PhotoReviewer is now compatible with Mac OS X 10.6 and later. I used this app a lot in the early days of Mac OS X, as it was great for going through large batches of images to delete the unwanted ones and organize/prioritize the reminder. Then, with Mac OS X 10.5 (I think), it stopped working.

Preview, in those days, would try to open each image in a separate window, which took a long time and would usually exhaust the available RAM, then grind the system to a halt with paging. There was also no easy way to move or delete the images, and Preview wasn’t (and still isn’t) AppleScriptable. Newer versions of Preview can open large batches of images in a single window, and you can press Command-Delete to get rid of the bad ones.

The venerable GraphicConverter now offers Slide Show mode, with additional review features and a more complex interface.

PhotoReviewer, I think, handles the basics the best and is much faster than the alternatives.

iOS 7 Mail Uses Multi-Folder Body Searches by Default

FastMail (via Nick Matsakis):

Our plan at FastMail is to detect iOS clients, and convert all searches into FUZZY searches. This causes matches to be done on “terms” rather than pure sub-strings, but allows us to use our xapian powered index which should make matching and fetching results much, much quicker.

I wonder why MobileMail is using a body substring search to begin with. The Mac version only supports term and prefix searches. (I think a previous version may have supported wildcards.) EagleFiler offers the option to “Match Partial Words” or not.

I use FastMail as a backup SMTP server for sending customer e-mails. Amazon SES is cheaper but more often rejected by mail servers.


Marco Arment:

FCModel is a generic model layer on top of FMDB. It’s intended for people who want some of Core Data’s convenience, but with more control over implementation, performance, database schemas, queries, indexes, and migrations, and the ability to use raw SQL queries and SQLite features directly.

FCModel accomplishes a lot of what Brent Simmons wrote about. This is my version of that.

It’s a basic object mapper that supports uniquing/caching but not relationships. Unlike Core Data, the objects can be modified from any thread.

I think Core Data is OK as far as it goes but that it needs an “escape hatch” to do more database-style operations. In other words, instead of having to drop Core Data entirely, you would stay with the framework but forego certain object niceties that don’t work well with those commands.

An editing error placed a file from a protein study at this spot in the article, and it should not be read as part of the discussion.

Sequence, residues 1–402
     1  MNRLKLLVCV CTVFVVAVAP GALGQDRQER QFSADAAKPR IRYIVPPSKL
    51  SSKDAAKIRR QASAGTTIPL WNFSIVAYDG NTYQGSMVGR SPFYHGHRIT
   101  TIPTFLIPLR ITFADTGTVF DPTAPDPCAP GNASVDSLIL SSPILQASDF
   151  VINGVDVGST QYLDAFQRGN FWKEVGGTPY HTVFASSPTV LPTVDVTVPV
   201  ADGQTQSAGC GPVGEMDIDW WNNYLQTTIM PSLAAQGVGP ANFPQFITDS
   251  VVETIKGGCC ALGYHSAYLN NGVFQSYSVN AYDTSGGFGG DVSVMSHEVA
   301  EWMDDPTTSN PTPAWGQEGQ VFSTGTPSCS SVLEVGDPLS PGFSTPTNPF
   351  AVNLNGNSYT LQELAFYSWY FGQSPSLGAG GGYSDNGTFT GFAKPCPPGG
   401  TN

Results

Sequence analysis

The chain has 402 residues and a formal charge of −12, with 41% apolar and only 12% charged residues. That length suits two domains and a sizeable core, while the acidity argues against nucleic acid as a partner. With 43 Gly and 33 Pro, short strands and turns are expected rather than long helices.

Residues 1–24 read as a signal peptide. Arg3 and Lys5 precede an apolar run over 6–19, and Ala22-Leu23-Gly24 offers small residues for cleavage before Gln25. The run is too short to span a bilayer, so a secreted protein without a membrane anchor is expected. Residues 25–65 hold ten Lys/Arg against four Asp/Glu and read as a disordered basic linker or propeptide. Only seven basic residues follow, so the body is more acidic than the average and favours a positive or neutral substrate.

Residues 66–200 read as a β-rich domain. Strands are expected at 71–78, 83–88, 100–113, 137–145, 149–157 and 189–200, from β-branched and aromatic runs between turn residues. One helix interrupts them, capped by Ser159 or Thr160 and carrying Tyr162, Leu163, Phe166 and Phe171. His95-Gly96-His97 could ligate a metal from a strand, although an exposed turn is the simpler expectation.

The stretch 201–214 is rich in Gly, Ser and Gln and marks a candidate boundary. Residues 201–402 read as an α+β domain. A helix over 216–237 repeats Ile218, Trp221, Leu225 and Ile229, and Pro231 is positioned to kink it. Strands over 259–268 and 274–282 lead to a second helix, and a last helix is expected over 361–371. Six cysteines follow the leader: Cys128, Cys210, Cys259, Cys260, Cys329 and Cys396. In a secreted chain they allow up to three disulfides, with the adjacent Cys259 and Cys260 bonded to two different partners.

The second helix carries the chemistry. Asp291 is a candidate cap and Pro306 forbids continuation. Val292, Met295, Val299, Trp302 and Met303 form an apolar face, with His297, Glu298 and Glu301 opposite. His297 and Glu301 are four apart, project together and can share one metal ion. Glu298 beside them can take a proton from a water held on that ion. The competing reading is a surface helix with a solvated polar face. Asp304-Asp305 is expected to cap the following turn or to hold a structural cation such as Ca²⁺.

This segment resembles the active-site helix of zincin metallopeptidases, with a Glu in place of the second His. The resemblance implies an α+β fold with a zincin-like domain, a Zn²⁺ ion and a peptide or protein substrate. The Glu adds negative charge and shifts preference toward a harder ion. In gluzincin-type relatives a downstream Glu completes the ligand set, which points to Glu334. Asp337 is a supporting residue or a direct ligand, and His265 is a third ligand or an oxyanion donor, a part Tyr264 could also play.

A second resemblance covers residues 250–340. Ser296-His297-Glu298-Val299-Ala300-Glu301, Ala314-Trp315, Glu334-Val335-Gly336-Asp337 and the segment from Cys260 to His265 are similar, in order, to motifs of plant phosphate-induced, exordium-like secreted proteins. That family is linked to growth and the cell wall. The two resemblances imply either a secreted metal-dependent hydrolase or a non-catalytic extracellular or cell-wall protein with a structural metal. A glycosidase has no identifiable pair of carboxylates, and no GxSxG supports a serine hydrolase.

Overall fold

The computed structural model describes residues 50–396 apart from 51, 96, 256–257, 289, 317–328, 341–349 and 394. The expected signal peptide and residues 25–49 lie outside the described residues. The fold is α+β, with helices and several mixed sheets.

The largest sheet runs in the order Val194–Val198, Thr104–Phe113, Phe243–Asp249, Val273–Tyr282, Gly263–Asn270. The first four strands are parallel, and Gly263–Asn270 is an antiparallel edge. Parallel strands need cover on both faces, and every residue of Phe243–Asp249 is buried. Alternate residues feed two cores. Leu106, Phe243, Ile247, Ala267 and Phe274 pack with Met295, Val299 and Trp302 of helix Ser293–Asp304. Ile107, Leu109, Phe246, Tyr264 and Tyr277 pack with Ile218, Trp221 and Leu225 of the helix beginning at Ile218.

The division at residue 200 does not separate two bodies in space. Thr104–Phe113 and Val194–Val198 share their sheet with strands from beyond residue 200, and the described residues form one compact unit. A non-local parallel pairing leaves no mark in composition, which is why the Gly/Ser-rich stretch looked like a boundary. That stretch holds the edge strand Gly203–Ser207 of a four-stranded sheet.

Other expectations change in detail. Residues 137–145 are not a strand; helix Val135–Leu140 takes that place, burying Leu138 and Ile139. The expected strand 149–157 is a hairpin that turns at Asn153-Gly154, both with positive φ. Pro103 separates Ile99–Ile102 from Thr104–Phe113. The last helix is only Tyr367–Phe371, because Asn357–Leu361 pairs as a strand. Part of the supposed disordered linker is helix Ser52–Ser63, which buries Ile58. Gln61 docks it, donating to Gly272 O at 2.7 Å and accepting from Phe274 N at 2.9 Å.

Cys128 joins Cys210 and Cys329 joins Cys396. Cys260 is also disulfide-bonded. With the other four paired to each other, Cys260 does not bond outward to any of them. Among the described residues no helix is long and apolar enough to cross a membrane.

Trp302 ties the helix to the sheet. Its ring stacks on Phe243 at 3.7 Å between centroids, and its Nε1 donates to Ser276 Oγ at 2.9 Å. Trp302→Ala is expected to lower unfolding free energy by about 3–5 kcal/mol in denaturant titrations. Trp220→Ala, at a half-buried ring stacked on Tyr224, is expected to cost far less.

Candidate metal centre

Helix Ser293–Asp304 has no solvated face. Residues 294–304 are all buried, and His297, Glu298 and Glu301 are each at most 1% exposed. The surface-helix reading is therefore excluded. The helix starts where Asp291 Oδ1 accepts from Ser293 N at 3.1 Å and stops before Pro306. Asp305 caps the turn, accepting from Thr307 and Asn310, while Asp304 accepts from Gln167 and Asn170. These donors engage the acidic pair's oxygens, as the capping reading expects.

Update (2013-09-19): Collin Donnell:

The truth is that because Core Data is a general solution which completely abstracts you away from the idea of using a database, I’m not sure there’s anyway that it couldn’t be a bit complex in places and that there wouldn’t be walls to bump up against. In my experience with Core Data everything works great except when it doesn’t, and because you’re so abstracted away from the implementation detail of it using a SQLite store, when you do hit those walls, you hit them hard.

Downloading Old Versions From the App Store

If you have an older version of iOS than is supported by an app, Apple now lets you download the last compatible version of the app (via Ryan Christensen, Paul Haddad, and Aaron Souppouris). This is great news, as I thought iOS 7 was a potential disaster in the making. Buy a song or a movie from Apple, and you “own” it and can download it on any device, any time. But buy an app, and this ability only lasts until a new version drops support for your OS, which is probably sooner rather than later. Apple’s developer tools are forward-looking and discourage support of older OS versions.

There remain some questions, though:

  1. Does the new version of the app have to be available in the App Store in order to download the old version? That is, if version 2.0 is a new SKU, will owners of older devices still be locked out of buying the last compatible version of the app?
  2. Does the answer to #1 change if you had already purchased the original SKU? For example, say you purchased OmniFocus 1.x on an iPad 1. Does it go away when you restore from an iCloud backup?
  3. What if the last compatible version was buggy, or has become so due to changes to external services that the app depends upon? There seems to be no way for the developer to submit a fix.
  4. Will this feature come to the Mac App Store? Many apps that should be able to easily run on Mac OS X 10.6 or 10.7 cannot, because of sandbox bugs that weren’t fixed until 10.8 or 10.9.

Update (2013-09-17): See also the Hacker News discussion. Also, an important point is that, with the current developer tools, if you make a 64-bit version (for optimum performance on the iPhone 5s) the fat binary will only run on iOS 7 (even though that same code compiled as 32-bit could support earlier versions).

Kyle Richter (via John Gruber):

No one ever told us [developers] about it. Let me rephrase that, because it sounds pretty entitled. No developer expects Apple to run this kind of stuff by them ahead of time. The problem is no one ever thought this was a possibility. The common misconception here is when an app is updated it is updated to add new features and maybe some bug fixes. These new features may require a newer version of iOS so old users are left in the cold. The truth is a lot happens under the covers during updates, API endpoints are updated, data models changed, multiplayer protocols changed, even legal issues are addressed.

Update (2013-09-19): Here’s Apple’s official announcement:

Previous versions of your apps are now available for re‑download by users who have already purchased them, allowing customers to use your apps with older devices which may no longer be supported by the current version of your app. If you do not wish to make these versions available, you can manage the availability of your apps' previous versions in the Rights and Pricing section of the Manage Your Apps module in iTunes Connect. Learn more.